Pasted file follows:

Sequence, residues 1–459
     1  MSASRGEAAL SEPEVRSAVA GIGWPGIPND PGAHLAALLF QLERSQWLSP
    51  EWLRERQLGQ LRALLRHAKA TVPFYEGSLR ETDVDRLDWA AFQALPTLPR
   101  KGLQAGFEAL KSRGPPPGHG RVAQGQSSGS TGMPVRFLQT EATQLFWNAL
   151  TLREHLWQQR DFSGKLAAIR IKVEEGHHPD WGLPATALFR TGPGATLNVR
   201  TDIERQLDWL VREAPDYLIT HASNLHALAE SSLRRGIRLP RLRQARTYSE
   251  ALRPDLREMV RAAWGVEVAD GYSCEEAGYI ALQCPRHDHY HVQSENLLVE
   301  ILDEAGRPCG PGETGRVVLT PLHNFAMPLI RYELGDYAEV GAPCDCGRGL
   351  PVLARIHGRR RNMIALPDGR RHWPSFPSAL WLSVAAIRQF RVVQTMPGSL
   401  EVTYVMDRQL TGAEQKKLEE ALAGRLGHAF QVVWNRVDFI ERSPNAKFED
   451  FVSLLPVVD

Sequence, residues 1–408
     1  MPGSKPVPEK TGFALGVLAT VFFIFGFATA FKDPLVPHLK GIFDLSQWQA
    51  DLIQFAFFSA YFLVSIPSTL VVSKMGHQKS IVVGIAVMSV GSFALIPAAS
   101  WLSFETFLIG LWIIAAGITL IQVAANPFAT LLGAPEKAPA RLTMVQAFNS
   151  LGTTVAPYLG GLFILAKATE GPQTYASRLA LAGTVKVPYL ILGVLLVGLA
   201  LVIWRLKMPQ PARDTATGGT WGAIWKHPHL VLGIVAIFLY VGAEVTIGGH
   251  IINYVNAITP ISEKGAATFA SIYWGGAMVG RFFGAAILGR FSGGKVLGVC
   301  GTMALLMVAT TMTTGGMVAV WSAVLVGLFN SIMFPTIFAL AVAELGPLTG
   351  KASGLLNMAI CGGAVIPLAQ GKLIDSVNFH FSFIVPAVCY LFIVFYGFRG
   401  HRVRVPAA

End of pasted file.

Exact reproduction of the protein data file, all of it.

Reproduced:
Sequence, residues 1–459
     1  MSASRGEAAL SEPEVRSAVA GIGWPGIPND PGAHLAALLF QLERSQWLSP
    51  EWLRERQLGQ LRALLRHAKA TVPFYEGSLR ETDVDRLDWA AFQALPTLPR
   101  KGLQAGFEAL KSRGPPPGHG RVAQGQSSGS TGMPVRFLQT EATQLFWNAL
   151  TLREHLWQQR DFSGKLAAIR IKVEEGHHPD WGLPATALFR TGPGATLNVR
   201  TDIERQLDWL VREAPDYLIT HASNLHALAE SSLRRGIRLP RLRQARTYSE
   251  ALRPDLREMV RAAWGVEVAD GYSCEEAGYI ALQCPRHDHY HVQSENLLVE
   301  ILDEAGRPCG PGETGRVVLT PLHNFAMPLI RYELGDYAEV GAPCDCGRGL
   351  PVLARIHGRR RNMIALPDGR RHWPSFPSAL WLSVAAIRQF RVVQTMPGSL
   401  EVTYVMDRQL TGAEQKKLEE ALAGRLGHAF QVVWNRVDFI ERSPNAKFED
   451  FVSLLPVVD

Sequence, residues 1–408
     1  MPGSKPVPEK TGFALGVLAT VFFIFGFATA FKDPLVPHLK GIFDLSQWQA
    51  DLIQFAFFSA YFLVSIPSTL VVSKMGHQKS IVVGIAVMSV GSFALIPAAS
   101  WLSFETFLIG LWIIAAGITL IQVAANPFAT LLGAPEKAPA RLTMVQAFNS
   151  LGTTVAPYLG GLFILAKATE GPQTYASRLA LAGTVKVPYL ILGVLLVGLA
   201  LVIWRLKMPQ PARDTATGGT WGAIWKHPHL VLGIVAIFLY VGAEVTIGGH
   251  IINYVNAITP ISEKGAATFA SIYWGGAMVG RFFGAAILGR FSGGKVLGVC
   301  GTMALLMVAT TMTTGGMVAV WSAVLVGLFN SIMFPTIFAL AVAELGPLTG
   351  KASGLLNMAI CGGAVIPLAQ GKLIDSVNFH FSFIVPAVCY LFIVFYGFRG
   401  HRVRVPAA